Welcome to the Australian SKA Project Director’s Update, where I give a rundown on developments in building the next generation of radio astronomy capability.
Let me start this update by wishing you and the people in your lives all the best during this unprecedented time. While I am keen to keep providing updates on progress towards the SKA, I am also very conscious of the hardships many are facing due to the COVID-19 pandemic. Please keep safe and healthy, as Australians and people around the world look to take on this challenge together.
The SKA is a big family spanning 13 member countries and the effects of COVID-19 are being felt throughout. The number one priority of governments around the world is to stop its spread, find an effective vaccine and support the best possible return to normality. Representatives of the SKA member countries are continuing to meet regularly to plan a path forward for the project. There is goodwill in the partnership and we will work together to keep the project moving as best as possible.
At the most recent SKA Organisation Board meeting in February, the Board agreed to develop the SKA Construction Proposal with the aim of realising the full Phase 1 scope of the SKA. That is the entire 130,000 antennas in Australia and 200 dishes in South Africa in the current baseline design. The SKA is a project that reflects the fundamental optimism and ambition of humanity. It has been conceptualised and planned for decades, and has an intended life-span of many decades to come. While we’re yet to see if the pandemic will have any effect on the SKA schedule, preparatory work continues.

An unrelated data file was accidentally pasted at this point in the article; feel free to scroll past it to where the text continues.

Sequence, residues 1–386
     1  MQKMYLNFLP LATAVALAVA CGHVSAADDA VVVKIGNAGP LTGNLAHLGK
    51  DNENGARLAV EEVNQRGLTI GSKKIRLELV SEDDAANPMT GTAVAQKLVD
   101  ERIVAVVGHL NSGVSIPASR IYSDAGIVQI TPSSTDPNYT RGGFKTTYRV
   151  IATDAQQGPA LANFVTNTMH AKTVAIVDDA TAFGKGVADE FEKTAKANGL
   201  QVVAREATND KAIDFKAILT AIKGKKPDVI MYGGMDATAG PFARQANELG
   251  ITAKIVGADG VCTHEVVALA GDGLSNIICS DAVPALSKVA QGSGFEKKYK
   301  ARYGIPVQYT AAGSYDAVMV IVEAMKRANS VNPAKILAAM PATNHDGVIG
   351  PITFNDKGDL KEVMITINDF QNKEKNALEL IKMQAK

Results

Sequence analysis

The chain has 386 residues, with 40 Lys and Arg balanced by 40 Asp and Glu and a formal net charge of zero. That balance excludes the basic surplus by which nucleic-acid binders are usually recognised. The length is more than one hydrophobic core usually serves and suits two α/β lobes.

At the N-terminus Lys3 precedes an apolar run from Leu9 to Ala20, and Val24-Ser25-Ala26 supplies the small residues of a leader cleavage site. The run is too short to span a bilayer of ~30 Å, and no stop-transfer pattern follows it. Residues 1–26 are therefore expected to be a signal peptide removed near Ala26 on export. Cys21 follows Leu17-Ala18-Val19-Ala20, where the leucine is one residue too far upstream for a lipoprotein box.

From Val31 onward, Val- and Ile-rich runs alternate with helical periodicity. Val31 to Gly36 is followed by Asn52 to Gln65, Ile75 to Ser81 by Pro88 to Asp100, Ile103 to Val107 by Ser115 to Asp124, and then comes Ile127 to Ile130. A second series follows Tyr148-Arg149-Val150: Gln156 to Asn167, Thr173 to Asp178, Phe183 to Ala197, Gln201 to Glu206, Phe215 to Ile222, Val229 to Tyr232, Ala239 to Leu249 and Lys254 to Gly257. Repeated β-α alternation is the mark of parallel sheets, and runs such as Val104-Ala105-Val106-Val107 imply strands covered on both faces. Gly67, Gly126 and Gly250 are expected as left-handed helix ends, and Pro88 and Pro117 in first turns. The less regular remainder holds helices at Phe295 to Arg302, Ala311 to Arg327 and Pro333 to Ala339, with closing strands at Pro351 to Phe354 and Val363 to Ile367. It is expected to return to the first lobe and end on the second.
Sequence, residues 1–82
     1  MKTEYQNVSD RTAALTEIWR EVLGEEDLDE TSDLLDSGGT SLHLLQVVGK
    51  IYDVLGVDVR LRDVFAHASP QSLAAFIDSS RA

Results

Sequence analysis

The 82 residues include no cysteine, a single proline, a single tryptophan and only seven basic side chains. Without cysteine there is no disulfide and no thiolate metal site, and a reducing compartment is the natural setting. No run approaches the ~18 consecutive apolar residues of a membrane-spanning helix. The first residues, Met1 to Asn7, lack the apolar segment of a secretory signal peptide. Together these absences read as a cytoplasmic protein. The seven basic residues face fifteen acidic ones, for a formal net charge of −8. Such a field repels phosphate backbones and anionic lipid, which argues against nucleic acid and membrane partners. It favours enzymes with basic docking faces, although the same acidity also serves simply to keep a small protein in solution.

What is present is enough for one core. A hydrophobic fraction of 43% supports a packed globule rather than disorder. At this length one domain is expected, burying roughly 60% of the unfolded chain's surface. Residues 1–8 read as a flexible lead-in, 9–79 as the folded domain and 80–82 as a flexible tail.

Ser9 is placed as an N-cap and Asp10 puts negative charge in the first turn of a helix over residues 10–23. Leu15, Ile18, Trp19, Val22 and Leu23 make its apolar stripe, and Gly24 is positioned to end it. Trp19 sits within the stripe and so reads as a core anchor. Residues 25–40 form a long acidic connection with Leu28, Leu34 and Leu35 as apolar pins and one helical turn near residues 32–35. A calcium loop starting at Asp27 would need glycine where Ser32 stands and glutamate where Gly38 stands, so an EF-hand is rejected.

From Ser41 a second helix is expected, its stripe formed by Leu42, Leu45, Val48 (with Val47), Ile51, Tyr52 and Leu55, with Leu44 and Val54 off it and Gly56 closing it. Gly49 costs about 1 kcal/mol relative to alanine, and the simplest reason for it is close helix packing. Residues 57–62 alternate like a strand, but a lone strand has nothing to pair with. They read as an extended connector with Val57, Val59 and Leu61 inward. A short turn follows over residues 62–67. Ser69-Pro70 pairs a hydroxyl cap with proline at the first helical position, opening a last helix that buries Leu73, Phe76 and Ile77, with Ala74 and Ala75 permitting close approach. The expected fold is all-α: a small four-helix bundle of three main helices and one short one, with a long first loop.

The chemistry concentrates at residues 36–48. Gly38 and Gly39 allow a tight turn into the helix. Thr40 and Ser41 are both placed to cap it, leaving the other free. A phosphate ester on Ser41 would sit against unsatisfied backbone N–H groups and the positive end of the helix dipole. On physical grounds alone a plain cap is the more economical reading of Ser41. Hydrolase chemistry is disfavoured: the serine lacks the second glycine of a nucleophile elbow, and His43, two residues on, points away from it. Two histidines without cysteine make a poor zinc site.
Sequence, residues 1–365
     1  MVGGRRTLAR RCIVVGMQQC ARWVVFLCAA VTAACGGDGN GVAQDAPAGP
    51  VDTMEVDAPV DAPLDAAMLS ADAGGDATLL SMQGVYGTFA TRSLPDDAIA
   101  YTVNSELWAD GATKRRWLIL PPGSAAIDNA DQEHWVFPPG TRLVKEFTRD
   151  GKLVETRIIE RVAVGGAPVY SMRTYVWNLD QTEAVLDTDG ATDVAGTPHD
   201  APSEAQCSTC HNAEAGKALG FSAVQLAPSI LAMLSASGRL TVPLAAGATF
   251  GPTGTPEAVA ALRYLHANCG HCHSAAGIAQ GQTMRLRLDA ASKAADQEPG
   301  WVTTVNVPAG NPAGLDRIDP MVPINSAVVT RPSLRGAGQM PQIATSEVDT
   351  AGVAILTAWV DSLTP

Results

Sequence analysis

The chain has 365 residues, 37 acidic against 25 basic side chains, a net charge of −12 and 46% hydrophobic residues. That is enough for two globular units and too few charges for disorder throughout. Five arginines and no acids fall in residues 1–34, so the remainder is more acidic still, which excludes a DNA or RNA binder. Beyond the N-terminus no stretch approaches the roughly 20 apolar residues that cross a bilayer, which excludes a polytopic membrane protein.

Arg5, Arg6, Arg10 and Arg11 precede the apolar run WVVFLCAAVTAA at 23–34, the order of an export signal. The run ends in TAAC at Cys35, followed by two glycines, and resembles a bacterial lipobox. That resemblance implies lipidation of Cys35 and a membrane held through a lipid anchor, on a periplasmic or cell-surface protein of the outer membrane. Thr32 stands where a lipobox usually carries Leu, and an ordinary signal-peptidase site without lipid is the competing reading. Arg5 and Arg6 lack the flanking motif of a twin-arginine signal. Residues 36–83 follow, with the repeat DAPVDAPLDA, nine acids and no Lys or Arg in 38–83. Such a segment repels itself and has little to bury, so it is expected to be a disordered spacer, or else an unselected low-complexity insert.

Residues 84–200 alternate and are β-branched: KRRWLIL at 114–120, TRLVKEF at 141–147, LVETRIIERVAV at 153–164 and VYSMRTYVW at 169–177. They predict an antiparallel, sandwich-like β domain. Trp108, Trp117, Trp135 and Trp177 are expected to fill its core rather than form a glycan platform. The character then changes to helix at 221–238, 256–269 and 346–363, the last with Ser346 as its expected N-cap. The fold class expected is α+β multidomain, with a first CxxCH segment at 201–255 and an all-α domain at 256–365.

The SKA’s Head Office near Manchester is currently developing the Construction Proposal and Observatory Establishment and Delivery Plan for review by the partner governments. It is no small task bringing such a complex instrument to a design maturity ready for construction to begin.
My office, and leading Australian partners including CSIRO and ICRAR, also continue to work closely with the Head Office on all aspects of SKA construction readiness and on our own domestic preparations to host the SKA-Low telescope. The astronomy community has been utilising videoconferences for a number of years, so naturally this continues as a way of remaining productive. Although I am seeing more living rooms in the backgrounds these days!
I’m pleased to report that COVID-19 didn’t impact Astrofest 2020, conducted in Perth on 29 February. I understand that around 4,500 people attended the event which showcased all forms of astronomy. The SKA had a very popular booth and there was a feeling of genuine pride by some of the attendees that the largest scientific instrument in the world would be constructed soon in their backyard (figuratively speaking). Australia’s Astronomer at Large, Professor Fred Watson, also helped out on the booth after giving his presentation on a Universe of Discovery.
Speaking of Fred, the latest edition of his Astronomy in Australia newsletter is now available and gives a great update on many astronomy projects and discoveries. You can also view previous editions and